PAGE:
Getting back into school easier

This one is important to both of my older kids. When getting dressed in the morning and learning is part of their everyday life, going back to school isn’t as big of an adjustment. I’m not trying to switch their little body clocks from going to bed at 11pm to 8, dragging day times clothes back onto them after weeks of pj’s, and reminding them that reading and math exist after months of mindless tv and video games. That is a lot of change to smash in all at once. I mean if that’s your thing, you do you. But I would have one grumpy kid, and another one angry, miserable, and having screaming meltdowns if I flipped a switch like that.

I hardly ever hear “I’m Bored”

I mean all those other reasons are important, but this one really is the icing on the cake. After breakfast, brushing, flossing, mouthwash, deodorant, getting dressed, and doing about an hour of school work… My kids are more then happy to find something to play with and do on their own 😏 And being who I am, after getting a few chores out of the way I am more then happy to get my kids out of the house to a beach, park, library (when they open again), or even just out in my front yard with scooters and a box of side walk chalk.

So what about you? Do you try to keep the learning going year round? Or do you like that big break of peaceful nothingness? How green is the grass on your side of life? Tell us about it in the comments below, and please remember to like and share ✌️🧩🤓📚☀️

13 comments

  1. I do! My kids have their grandma to thank because, for as long as I could remember, she always had my siblings and me doing workbooks, reading, and chores every day during the summers. It made the first month of school agonizingly boring, but I’m thankful because I really did learn some interesting things every summer. I started my oldest with workbooks, academic activities, and reading last summer after he was done with preschool and it really helped him transition back into school. I’ll also be starting his 3 year old sister with it this summer so she doesn’t feel too left out. But I do absolutely love keeping their brains active and growing and, so far, it’s made going back to school easier, so I couldn’t imagine doing things differently. Though I imagine they might disagree when they’re older!

    Liked by 1 person

    • Haha I’m happy to hear that I’m not the only one! I’m sure my neighbors think we are crazy, I’ve heard a few of them say that they weren’t even keeping up with the home schooling that Covid-19 has caused them. But I agree that transitioning back to school isn’t a big deal for us either. 😊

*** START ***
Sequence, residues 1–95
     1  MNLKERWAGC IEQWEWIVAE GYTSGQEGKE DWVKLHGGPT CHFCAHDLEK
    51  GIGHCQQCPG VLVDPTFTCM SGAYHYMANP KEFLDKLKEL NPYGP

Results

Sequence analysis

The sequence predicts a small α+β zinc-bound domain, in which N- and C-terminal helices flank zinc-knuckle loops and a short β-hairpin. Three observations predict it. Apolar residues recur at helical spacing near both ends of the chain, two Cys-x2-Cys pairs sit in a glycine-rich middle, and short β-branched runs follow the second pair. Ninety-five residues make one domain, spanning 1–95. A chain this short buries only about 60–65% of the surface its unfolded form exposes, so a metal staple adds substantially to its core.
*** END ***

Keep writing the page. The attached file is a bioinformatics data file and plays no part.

Liked by 1 person

  2. I agree with your post. So great and good for you to keep the routines and the learning going this summer! Helps fill the day with meaningful activities while helping reduce the “summer slide” in knowledge. Best wishes and have a great summer!

    Liked by 1 person

  3. I would go to Costco every summer and load up on giant coloring books and workbooks, plus books to read. This of course was way back when my kids were little. I would also sign them up for city swimming lessons, which are super cheap here in our state. My kids have very light skin, they take after the Swedish side more I guess, so I had to make sure to sign them up for swimming classes after 4 pm so they wouldn’t burn up. They were so hypersensitive to textures and touch when they were really young that any sunburn would have really hurt them. I also signed them up for all kinds of summer day camps and art classes. Summers were are busiest times here in our super hot city. Because our city gets so hot and everyone has to basically live indoors, there are tons of fun programs to keep kids cool and happy inside.

    Liked by 1 person

  4. I actually love and agree with this as well. My daughter is three so maintaining routin is hard because her attention span is sporadic, but I do like to give her a sense of consistency and keep her busy. Now that school is officially out and distance learning with her various teachers are over, I plan to have her go to therapy once things open up and also allow her to go to child care and play with other kids because a routine and lots of activités are really imperative. Plus the day goes by faster

    Liked by 1 person